February 9, 2005
It's been a little while, so I thought it might be time to look back at what's happening with B15A, that rogue iceberg that's been killing off the Antarctic penguin population. (Ok, that's a little alarmist. The iceberg is causing problems, but it's not anything unusual. This process repeats itself at least once a decade.)
The big news is that U.S. and Russian icebreaker ships have cleared a seaway to McMurdo station and a U.S. fuel tanker ship and a cargo vessel have made it to dock down at that southernmost continent. Their arrival ensures that the scientific community will have the supplies needed to make it through the Antarctic winter, namely the food, equipment and fuel they need prior to the "travel blackout" that the harsh winter conditions mandate. (Air travel to Antarctica in the Winter is basically for medical emergencies only.)
The annual pre-winter clearing was made more difficult by the B15A iceberg that ran aground a few weeks ago and which has been playing havoc with the "fast ice" that builds up in the Ross Sea. This ice builds up every winter and then breaks up every summer to float out to sea. With B15A parked in the sea-ocean boundary, fast ice that broke up was unable to make it's way out to sea. This ice jamms up the Ross Sea and adds to next years collection of "fast ice" making transit to McMurdo even more difficult than it already is.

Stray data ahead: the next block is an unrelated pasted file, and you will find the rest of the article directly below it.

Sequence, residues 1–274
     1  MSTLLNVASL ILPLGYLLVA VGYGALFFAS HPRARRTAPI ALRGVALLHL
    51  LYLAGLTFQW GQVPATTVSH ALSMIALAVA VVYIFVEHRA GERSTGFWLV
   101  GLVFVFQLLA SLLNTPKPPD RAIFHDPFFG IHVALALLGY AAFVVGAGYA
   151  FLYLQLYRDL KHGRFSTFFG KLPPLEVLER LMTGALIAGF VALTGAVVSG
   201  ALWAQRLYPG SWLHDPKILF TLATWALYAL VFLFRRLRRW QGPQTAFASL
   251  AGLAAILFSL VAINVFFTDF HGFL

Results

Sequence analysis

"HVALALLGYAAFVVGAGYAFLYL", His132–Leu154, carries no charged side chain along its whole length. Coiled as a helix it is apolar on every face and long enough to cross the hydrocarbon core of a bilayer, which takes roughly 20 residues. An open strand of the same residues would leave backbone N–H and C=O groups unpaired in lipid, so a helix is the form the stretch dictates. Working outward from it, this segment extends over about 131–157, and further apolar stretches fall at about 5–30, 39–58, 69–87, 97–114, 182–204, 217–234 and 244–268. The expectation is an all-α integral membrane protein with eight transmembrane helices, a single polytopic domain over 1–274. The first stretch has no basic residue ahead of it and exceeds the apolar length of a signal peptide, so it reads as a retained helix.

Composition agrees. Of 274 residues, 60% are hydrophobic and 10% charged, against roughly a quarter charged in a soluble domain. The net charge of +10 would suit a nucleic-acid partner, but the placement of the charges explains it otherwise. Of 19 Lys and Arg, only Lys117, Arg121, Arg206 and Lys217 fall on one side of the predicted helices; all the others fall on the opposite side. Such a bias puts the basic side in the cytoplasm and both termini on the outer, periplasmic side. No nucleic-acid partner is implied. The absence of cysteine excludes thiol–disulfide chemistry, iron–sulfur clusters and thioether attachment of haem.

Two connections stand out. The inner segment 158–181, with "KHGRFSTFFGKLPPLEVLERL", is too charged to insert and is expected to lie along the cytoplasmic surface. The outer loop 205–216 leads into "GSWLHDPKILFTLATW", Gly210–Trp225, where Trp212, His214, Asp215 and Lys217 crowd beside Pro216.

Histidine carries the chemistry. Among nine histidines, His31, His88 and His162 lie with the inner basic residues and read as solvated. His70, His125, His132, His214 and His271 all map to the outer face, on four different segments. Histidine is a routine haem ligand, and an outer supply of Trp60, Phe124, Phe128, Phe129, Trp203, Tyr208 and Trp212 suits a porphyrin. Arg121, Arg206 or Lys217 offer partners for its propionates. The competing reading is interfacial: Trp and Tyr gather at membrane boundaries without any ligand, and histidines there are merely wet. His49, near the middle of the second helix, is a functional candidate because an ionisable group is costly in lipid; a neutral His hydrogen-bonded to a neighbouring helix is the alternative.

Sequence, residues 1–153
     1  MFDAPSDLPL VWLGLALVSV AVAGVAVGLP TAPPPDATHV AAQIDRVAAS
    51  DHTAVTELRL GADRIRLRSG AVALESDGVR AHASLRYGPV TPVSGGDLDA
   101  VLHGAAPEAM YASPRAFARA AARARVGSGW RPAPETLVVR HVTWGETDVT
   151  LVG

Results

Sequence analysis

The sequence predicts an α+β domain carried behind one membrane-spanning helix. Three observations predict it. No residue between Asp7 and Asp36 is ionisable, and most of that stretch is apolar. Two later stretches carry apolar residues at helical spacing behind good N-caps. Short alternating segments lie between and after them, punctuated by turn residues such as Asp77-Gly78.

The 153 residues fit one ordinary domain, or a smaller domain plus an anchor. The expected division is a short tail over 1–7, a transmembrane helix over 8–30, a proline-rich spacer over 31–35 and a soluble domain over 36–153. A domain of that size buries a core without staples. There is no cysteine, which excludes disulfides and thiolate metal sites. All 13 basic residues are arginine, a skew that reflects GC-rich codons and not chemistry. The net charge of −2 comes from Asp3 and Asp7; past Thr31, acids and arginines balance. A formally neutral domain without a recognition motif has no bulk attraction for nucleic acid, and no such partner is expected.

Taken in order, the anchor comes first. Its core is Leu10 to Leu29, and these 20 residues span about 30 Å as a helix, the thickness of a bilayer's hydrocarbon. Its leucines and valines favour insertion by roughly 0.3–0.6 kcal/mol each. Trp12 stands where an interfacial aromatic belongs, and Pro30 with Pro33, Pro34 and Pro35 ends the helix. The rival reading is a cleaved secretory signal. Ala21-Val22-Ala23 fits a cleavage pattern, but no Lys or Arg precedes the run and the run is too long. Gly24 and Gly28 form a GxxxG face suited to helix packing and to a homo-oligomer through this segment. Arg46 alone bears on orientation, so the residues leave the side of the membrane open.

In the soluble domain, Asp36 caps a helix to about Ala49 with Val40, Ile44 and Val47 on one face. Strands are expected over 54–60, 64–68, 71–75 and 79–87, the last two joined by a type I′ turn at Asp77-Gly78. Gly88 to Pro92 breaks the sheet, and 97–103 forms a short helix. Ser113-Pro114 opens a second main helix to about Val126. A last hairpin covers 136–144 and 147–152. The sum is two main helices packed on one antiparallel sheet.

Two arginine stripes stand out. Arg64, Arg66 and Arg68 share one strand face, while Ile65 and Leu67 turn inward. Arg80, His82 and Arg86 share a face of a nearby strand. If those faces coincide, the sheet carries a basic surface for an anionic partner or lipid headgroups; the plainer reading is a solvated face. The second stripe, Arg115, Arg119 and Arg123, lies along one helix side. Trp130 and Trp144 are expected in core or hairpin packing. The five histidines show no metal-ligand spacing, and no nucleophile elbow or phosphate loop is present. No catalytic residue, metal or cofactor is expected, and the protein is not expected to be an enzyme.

Ice clearing operations were made more difficult by the loss of one of the U.S. Coast Guards icebreakers to regular routine maintenance. The Polar Sea is currently in drydock, leaving all the work down south to the Polar Star. Furthermore, the Polar Star had recent problems that required her to be docked for repairs for approximately two weeks. Luckily, the Russian icebreaker Krasin was able to be contracted to conduct icebreaking operations with the repaired Polar Star.
So the Antarctic bases are resupplied, but the Penguins still have to walk 80km (on two inch legs) to reach the ocean. Looks like the well dressed bird population is going to take a hit. It will recover though, no worries there.
Here's what you've been waiting for (or maybe not), a new picture of B15A:
There's some light cloud cover, but you can see the build up of fast ice in the Ross Sea being blocked by the aircraft carrier shaped berg.
Older photos are also in this post.
Posted by JasonColeman at February 9, 2005 4:36 PM